War of the Rebellion: Serial 122 Page 0148 CORRESPONDENCE, ETC.

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so that they may be prepared for any emergency. They anticipate serious difficulties with the secessionists, and think a large force should be well armed and stationed near Saint Louis in order to preserve the public peace. Our friends are also demanding that a regiment should be located at Quincy in order to prevent any outbreak in Nothern Missouri, and to protect the loyal citizens of that section of country. You will readily perceive that, situated as we are, with so much territory bordering on slave States, with so many important points to protect, and with the southern point of our State penetrating so far toward the South, that we ought no to be deprived of our arms when a crisis to be rapidly approaching in which every musket we can obtain will be absolutely necessary for the defense of ourselves and our immediate neighbors and loyal citizens.

We received from Saint Louis no accouterments with the muskets except the bayonet. We are destitute of cartridge-boxes, belts, and bayonet-sheaths. Will you direct a supply of these to be sent to us immediately? We desire to place ourselves in as efficient a condition as possible in the shortest possible time, for if we are known to be thoroughly armed and well organized we can the more readily check the efforts of the enemies of the Government and suppress their treasonable designs.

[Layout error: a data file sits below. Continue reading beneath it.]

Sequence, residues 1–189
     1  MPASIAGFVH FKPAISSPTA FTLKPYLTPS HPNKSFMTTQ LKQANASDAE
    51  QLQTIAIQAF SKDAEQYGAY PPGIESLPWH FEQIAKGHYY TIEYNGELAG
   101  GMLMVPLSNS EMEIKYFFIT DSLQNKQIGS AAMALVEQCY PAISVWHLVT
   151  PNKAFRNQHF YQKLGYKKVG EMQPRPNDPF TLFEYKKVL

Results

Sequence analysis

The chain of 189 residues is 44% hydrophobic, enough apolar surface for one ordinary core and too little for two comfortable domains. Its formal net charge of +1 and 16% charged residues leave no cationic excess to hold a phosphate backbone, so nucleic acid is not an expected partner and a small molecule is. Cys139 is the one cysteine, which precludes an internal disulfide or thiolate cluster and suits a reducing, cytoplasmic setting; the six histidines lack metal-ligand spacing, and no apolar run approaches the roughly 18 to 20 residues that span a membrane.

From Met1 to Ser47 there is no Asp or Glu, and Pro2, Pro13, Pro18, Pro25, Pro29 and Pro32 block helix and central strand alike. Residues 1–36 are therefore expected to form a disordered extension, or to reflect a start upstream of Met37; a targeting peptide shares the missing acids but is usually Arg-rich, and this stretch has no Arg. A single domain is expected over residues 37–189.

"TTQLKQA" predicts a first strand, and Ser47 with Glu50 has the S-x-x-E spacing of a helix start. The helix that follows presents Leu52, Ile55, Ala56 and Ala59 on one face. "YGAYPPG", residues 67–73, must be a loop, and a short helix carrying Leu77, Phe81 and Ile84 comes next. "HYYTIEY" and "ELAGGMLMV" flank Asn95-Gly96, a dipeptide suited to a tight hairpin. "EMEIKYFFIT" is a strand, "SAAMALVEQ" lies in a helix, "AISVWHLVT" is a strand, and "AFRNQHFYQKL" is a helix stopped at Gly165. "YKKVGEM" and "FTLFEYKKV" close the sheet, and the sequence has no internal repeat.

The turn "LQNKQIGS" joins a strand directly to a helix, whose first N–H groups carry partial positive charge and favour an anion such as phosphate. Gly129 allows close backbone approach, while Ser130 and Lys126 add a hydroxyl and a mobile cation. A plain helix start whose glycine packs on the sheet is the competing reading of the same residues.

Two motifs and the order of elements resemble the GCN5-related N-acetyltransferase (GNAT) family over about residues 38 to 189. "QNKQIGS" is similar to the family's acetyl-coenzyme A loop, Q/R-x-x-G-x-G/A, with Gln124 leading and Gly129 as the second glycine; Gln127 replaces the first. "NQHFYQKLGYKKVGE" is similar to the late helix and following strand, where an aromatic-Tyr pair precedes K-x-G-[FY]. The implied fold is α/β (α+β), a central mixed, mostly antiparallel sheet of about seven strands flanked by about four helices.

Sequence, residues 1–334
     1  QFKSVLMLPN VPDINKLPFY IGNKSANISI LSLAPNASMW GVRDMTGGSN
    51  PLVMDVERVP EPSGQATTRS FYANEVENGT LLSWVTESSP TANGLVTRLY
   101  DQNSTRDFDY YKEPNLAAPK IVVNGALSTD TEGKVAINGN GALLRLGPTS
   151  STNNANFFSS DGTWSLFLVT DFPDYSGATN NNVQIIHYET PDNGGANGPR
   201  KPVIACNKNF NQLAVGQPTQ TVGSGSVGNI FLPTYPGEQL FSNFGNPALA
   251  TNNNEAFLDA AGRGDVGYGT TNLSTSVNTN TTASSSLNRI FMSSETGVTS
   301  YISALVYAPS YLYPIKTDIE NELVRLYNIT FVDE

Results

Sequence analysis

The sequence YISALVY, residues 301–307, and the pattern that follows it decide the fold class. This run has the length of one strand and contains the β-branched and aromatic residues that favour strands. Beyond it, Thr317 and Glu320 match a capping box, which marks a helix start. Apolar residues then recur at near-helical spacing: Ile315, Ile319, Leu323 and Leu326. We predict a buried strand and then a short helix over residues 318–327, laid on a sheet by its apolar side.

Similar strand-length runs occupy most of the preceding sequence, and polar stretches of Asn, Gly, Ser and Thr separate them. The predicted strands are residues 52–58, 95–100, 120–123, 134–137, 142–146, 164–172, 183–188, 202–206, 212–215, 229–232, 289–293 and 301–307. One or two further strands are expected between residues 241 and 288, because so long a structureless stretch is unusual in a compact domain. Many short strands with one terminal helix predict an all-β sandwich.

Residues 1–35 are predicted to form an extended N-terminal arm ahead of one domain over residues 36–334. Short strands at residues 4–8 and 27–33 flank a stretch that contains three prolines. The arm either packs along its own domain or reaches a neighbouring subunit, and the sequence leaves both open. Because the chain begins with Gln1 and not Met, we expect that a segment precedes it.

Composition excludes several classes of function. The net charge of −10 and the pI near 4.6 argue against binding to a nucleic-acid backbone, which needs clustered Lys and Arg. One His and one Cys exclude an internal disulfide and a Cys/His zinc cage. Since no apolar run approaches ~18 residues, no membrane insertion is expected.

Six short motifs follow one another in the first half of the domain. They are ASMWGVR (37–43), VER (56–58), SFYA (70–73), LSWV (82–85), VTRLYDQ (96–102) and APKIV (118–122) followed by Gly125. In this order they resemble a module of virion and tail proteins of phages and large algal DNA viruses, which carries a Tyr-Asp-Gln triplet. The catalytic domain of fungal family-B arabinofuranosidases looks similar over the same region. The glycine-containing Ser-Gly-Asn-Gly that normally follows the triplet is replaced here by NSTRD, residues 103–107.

Respectfully, yours,




New York, May 3, 1861.


Secretary of War:

SIR: We have the honor to inclose for the information of the War Department information this day received by the committee from thirteen States as to the number and preparation of their forces. This information came to the committee by telegraph, and in answer to the telegraphic inquiry addressed to the Governors of these States.

We are, with great respect, your obedient servants,


Chairman Executive Committee.


Secretary Executive Committee.





New York, May 3, 1861.

Synopsis of replies from Governors of States, received by telegraph this day.

1. Governor Curtin, of Pennsylvania: 25 regiments, all full and armed; 15 of these uniformed.

2. Governor Olden, of New Jersey: 4 regiments start to-morrow, well prepared. We want ammunition to protect them to Washington. If General Wool fails to help us, can the Union Committee do so?

3. Governor Andrew, of Massachusetts: 4 regiments (about) ready in the field; as many more at brief notice. Probably 10,000 drilling, hoping for call.